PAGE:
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Remember the Rainforest 1

 

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had monstrous bellies, and the older ones showed the evident hardening of the liver from drinking alcohol, the consequences of the constant fevers, against which the inhabitants of Japura do not know remedies, and also nothing could save them from the ailments of the Whites. This demented observation is the general opinion, but false, because the Indians have many and effective medications.

According to all my experience, there are rare plants that we know, prime among them certain purgative fruits, as curative means, and likewise many vines with juices of poisonous effect. (Note IV). Despite their sickened state, which manifested itself in so many of our indians, they remained energetic most of the day, so that, at the end of four days of travel, we reached the first cataract, called Cupati.

The river, whose direction, until half way, is a quarter of a mile southwest, then northwest, has fewer islands than those below Sao Joao, and so comprises a width of a sixth to an eighth of Sea mile. Its current is considerable in the middle; It was then five to six nautical miles per hour. The depth, in the center of the canal, was 20 or until 30 bracas (perhaps, however, by the very large and inevitable diagonal of the probe);

Sandbanks of Japura River

On the banks, the river was, on the contrary, very shallow, and the sand banks, extending far, forced us, often to enormous deviations. Now the river was visibly drained at low tide and on the shores and in the groves were spotted vestiges of the previous water height, higher than two bracas

Flooded forest

. The closer we were to the first cataracts, the higher the shores, the rarer the tree groves with a canopy of the thickest trees, and in the afternoon we passed to the west the Serra de Cupati, all shrouded in rain clouds.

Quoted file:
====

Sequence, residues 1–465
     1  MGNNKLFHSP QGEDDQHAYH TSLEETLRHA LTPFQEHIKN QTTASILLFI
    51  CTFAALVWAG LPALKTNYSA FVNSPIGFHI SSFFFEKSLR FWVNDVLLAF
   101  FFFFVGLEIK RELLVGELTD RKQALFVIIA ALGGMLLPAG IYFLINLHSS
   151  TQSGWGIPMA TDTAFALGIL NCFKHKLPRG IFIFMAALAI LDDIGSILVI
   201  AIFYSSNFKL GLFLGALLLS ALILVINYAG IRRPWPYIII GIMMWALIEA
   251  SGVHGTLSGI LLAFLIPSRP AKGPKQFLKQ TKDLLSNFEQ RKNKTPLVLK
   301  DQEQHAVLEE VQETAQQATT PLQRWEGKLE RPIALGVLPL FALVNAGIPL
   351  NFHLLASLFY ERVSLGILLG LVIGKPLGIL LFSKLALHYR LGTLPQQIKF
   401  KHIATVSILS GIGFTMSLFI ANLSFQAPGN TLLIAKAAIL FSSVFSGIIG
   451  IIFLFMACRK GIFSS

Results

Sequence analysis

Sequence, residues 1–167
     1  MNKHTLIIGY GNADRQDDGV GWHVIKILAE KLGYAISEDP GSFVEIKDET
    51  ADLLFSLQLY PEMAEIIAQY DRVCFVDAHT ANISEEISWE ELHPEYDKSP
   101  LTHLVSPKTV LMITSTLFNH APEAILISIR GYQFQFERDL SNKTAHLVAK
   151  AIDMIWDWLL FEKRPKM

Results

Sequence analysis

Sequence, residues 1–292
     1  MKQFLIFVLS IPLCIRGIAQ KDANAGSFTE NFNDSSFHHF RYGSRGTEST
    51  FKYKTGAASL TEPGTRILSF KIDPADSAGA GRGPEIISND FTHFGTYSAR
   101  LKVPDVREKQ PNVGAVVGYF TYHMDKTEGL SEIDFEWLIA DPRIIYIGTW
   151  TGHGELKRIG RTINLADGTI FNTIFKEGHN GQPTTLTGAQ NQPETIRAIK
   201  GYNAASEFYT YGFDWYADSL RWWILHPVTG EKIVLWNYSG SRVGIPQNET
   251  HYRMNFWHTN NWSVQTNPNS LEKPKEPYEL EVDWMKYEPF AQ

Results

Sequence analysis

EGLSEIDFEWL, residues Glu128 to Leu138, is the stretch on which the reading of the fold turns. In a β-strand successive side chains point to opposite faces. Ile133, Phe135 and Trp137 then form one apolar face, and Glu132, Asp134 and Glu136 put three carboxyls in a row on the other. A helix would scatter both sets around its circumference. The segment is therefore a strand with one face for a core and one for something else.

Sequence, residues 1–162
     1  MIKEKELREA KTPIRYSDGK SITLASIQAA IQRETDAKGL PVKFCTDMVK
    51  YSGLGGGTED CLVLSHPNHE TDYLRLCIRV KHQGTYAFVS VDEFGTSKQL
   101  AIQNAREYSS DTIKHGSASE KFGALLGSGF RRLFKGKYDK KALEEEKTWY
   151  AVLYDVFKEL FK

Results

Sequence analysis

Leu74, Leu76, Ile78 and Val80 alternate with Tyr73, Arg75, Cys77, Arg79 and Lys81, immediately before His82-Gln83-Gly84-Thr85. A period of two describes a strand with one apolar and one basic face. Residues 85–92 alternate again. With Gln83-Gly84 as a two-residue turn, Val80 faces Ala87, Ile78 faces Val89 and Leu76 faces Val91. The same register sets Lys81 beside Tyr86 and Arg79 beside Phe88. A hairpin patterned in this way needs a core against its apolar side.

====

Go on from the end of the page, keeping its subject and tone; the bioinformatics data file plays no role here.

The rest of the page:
This, as we came close, it soon vanished from our sight. At 9:00 of the night, we passed the falls of the Apaporis, above which we set up camp, on an island of sand.

Apaporis

The next morning, after all, we were facing the Serra de Cupati, very close by. The rain-filled clouds parted, and offered a new spectacle, long enough for us to observe the mountain. In the immense virgin forest, where for so many months we had traveled, we could not find a point or basis of comparison to judge its heights. Man, whose organism seems destined by nature to measure everything on the earth, seems insignificant, in the midst of a grove of almost uniform size, whose height can hardly measured except by our enjoyment. The Serra de Cupati must rise 600 feet above the Japura (1).

Serra Cupati

(1) place where Martius crossed the current border of Brazil with Colombia. (Rev. Note, Ed. Melh.)

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